19
Hey, if it goes to First Hill, and extends all the way to Broadway, it really would be a Gay Wedding capable tram!

Seriously.

Now for the Bubbleator ... where do we put that?
20
Did you ever try to ride the waterfront trolley? It looked good going by, but damn it was slow.

I wouldn't mind seeing an actual streetcar in the same route, but I doubt even that is the best use of our transit dollars.
21
Uhm, speaking as a [dreaded?] tourist to Seattle, can I ask that your city provide some way to cross the tracks to get from the sculpture garden to the waterfront park? Please? 'Cause I felt like Alice trying to get to the top of the hill when I wanted to go from one park to the other: Just couldn't get there without walking miles out of my way.
22
It was lame. If there had been two sets of tracks and cars had left every ten minutes or fifteen minutes, it'd have been fine, but I think departures were 20 minutes apart, and then along the way the car would have to wait at one of those passing areas for the trolly traveling the other direction to come.
23
@20 actually, I used to use it about once a week. But, yeah, it was slow and infrequent.
24
God dammit Seattle, make up your mind on thing and stick with it.
25
@24 so you're saying we SHOULDN'T tell you about the airport escalator sidewalks we are putting in around Wallingford and Fremont to help with the east-west commute?
26
@21: Huh?

By Waterfront Park you mean the one at pier 57-59?
By "sculpture garden" do you mean the Olympic Sculpture Park?

That's a fairly straight shot of less than mile.

I suppose you are referring to entirely different places though.
27
How about connecting it to Interbay...maybe even Ballard?
28
No reason not to bring the cars back - you could easily run them in conjunction with modern cars, just need high and low platforms on the same stop. Done in plenty of places.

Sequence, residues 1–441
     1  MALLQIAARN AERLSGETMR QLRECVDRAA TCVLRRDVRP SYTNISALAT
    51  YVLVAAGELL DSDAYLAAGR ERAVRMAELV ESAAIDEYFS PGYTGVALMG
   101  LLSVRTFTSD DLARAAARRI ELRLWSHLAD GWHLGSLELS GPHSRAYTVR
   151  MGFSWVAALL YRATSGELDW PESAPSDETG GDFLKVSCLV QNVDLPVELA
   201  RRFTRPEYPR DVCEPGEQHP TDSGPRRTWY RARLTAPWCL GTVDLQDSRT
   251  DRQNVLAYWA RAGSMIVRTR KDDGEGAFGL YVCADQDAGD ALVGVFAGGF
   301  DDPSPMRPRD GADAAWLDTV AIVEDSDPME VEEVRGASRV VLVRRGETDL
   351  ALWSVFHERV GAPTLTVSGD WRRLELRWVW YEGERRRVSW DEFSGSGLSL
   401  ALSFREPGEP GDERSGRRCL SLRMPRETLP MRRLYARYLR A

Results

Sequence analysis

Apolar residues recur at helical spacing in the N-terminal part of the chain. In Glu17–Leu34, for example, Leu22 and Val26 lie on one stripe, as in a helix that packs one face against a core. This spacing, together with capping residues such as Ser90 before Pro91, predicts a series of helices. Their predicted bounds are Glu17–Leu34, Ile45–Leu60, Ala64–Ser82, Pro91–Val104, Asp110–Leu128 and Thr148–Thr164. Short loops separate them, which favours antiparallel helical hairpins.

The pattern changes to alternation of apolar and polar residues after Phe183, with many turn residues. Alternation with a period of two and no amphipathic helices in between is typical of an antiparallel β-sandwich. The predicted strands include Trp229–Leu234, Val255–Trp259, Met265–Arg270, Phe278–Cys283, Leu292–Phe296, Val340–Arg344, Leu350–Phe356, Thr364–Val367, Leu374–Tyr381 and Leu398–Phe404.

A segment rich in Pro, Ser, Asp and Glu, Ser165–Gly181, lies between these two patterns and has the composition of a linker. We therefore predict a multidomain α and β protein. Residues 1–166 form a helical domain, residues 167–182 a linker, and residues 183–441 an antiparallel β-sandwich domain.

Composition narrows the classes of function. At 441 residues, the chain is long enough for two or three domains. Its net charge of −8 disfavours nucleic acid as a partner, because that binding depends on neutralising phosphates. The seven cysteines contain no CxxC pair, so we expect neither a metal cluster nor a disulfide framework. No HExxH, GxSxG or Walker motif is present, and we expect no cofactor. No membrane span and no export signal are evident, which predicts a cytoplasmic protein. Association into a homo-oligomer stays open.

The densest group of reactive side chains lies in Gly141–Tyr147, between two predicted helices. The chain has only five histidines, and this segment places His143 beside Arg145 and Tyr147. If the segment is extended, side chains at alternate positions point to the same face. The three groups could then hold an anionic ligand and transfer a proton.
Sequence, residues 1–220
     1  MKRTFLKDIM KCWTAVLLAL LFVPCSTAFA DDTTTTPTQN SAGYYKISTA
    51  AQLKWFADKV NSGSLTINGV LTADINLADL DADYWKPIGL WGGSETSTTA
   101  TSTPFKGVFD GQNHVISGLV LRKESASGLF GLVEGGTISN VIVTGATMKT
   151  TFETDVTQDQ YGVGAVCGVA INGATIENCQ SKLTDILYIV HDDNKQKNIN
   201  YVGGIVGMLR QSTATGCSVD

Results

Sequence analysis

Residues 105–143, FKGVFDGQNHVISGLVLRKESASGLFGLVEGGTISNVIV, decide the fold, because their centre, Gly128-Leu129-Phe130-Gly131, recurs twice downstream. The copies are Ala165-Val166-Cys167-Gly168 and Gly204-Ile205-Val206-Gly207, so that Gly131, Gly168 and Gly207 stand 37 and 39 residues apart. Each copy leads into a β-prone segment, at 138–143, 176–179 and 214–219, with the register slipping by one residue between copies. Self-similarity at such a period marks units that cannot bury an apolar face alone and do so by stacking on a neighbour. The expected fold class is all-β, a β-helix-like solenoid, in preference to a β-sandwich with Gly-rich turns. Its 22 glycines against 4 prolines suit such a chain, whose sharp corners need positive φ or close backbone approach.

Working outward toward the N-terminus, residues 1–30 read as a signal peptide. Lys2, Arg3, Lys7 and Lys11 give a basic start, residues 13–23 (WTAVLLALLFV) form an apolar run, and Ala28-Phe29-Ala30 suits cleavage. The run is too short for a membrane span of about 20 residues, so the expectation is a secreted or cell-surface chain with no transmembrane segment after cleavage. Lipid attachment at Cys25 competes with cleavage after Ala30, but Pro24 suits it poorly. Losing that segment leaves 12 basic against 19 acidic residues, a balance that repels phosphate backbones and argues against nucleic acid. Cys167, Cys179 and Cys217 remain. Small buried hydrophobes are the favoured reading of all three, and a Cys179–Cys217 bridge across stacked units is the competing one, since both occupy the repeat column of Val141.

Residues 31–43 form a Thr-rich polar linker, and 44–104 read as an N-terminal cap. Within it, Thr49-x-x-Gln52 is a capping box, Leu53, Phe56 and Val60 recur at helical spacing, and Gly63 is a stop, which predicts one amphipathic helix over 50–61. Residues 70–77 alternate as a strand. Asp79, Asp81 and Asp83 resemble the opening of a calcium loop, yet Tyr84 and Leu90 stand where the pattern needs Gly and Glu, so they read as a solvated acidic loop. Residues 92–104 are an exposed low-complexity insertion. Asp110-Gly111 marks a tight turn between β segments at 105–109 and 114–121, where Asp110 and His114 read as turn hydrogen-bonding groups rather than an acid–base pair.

You'll first have to convince the City that actually having transportation that isn't cars on the waterfront is an important goal. Then figure out which right-of-way in the Corner proposal you're willing to shrink in order to have dedicated trolley track, or accept street-running a la the SLUT and FHSC.

George Benson was a great Councilmember. Those cars are part of Seattle's history, even though they didn't begin life here. And as Matt the Engineer points out, plenty of tourists rode and loved them, including plenty of non-Seattle Washington tourists whose dollars helped keep hotels, bars and restaurants busy.

So yeah, bring it back. You wanna run modern streetcars down there too, go for it.
29
Yes, please bring the trolley back, and I LOVE the idea of connecting it to the First Hill streetcar! I work near the waterfront miss riding the trolley. It's ridiculous that the trolley has been inactive for as long as the sculpture park has been at its base. Also, the jillions of tourists coming off the cruise ships really need an option besides taxis for getting to the Market and P-Square.
30
@29: During cruise ship season you'll find many pedicabs between Pier 66 and Pioneer Square.